Hard Disk

What is a Hard Disk Drive?

A hard disk drive (HDD) consists of magnetic disks, with different areas in which data is stored. This data includes your operating system, applications, and your own files. A head arm moves over the disks to read or write the requested data. The discs rotate constantly to speed up the process.

The data can be distributed over the entire hard disk which means that it is not written sequentially. An index system allows the head arm to find all relevant data.

The platter and the head arm are delicate, so they are protected by a steel case. This helps prevent damage to the hard drive under normal conditions.

If the hard drive stops working or gets damaged, you could lose all of your valuable data. To avoid an emergency data loss, most people use a backup system that keeps separate copies of the original document files.

Hard drive sizes are specified in terabytes (TB), gigabytes (GB), and megabytes (MB). Most Apple-made computers have a 500GB hard drive installed, and the latest models come in up to 1TB. Any hard drive can run on both Windows and Mac OS X platforms. Most hard drive manufacturers format their hard drives to work with every operating system on the planet. If you have a hard drive that is locked or specified only for a particular operating system, you can reformat it to run on any computer.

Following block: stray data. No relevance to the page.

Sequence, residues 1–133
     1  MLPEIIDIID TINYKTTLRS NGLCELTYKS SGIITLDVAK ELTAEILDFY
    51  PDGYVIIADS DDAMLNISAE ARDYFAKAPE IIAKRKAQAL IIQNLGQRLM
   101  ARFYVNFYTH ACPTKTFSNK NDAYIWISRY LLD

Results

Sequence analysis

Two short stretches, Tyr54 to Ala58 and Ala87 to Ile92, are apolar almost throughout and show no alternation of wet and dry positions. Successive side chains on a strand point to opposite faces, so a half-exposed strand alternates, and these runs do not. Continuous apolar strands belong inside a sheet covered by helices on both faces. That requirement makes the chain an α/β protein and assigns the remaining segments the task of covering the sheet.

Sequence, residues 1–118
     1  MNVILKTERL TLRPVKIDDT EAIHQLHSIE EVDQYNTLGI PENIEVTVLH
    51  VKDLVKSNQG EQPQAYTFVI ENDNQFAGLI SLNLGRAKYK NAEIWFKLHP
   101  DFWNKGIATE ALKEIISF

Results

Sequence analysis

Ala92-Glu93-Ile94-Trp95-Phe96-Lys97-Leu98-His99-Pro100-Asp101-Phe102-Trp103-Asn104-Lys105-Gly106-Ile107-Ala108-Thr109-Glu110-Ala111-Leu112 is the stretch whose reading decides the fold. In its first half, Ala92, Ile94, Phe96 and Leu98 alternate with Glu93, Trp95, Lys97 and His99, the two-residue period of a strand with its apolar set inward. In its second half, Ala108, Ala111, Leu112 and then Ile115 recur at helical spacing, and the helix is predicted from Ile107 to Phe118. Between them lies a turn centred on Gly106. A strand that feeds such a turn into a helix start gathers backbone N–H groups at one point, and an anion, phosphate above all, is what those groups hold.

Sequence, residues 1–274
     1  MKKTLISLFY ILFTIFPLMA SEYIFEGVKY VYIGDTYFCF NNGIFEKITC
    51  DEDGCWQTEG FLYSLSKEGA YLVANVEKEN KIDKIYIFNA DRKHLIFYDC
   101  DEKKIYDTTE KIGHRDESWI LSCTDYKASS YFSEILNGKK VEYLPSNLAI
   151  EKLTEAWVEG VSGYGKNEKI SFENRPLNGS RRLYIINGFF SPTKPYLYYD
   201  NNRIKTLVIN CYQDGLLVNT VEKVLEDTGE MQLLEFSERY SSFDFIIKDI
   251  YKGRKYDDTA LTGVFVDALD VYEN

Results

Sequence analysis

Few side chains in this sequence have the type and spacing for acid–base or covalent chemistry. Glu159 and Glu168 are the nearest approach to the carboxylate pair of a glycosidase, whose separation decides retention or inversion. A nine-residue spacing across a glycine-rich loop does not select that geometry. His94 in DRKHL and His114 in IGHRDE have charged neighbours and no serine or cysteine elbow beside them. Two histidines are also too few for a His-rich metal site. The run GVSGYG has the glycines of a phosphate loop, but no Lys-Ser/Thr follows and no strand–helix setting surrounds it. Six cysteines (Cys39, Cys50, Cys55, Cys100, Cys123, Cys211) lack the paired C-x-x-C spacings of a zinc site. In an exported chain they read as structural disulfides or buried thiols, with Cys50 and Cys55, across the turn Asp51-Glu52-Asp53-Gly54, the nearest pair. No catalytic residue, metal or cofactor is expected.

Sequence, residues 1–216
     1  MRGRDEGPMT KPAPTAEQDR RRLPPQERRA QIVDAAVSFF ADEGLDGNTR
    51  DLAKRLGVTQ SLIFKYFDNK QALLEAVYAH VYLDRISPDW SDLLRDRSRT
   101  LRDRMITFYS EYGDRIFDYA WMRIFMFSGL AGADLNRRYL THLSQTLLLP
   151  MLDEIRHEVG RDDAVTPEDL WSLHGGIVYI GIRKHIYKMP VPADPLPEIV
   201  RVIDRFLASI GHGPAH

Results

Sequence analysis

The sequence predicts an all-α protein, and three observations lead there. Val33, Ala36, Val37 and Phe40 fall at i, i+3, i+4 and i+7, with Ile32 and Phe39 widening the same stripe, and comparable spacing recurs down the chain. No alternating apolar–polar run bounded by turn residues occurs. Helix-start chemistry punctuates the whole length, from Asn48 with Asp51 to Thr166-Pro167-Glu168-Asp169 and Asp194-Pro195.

Most laptop and desktop PCs use hard drives that range from 5,400 RPM to 7,200 RPM, while higher-speed hard drives can be found in high-end workstations and corporate servers. The disk access time is measured in milliseconds. Although the physical location of data can be identified with cylinder, track, and sector positions, it is actually mapped to a Logical Block Address (LBA) that works with the larger address range of hard drives. It is possible to connect your laptop hard drive to a PC.

Hard drives remain a popular data storage option for consumers and businesses, despite the growing popularity and rapidly decreasing cost of nonvolatile flash memory in the form of solid state drives (SSDs). SSDs fit in the same external and internal drive bays as their HDD counterparts. While SSDs are much faster, more durable, and use less power than hard drives, they are also more expensive. SSDs are considered to be more suitable for applications that require high performance, while HDDs are more often used for high capacity use cases.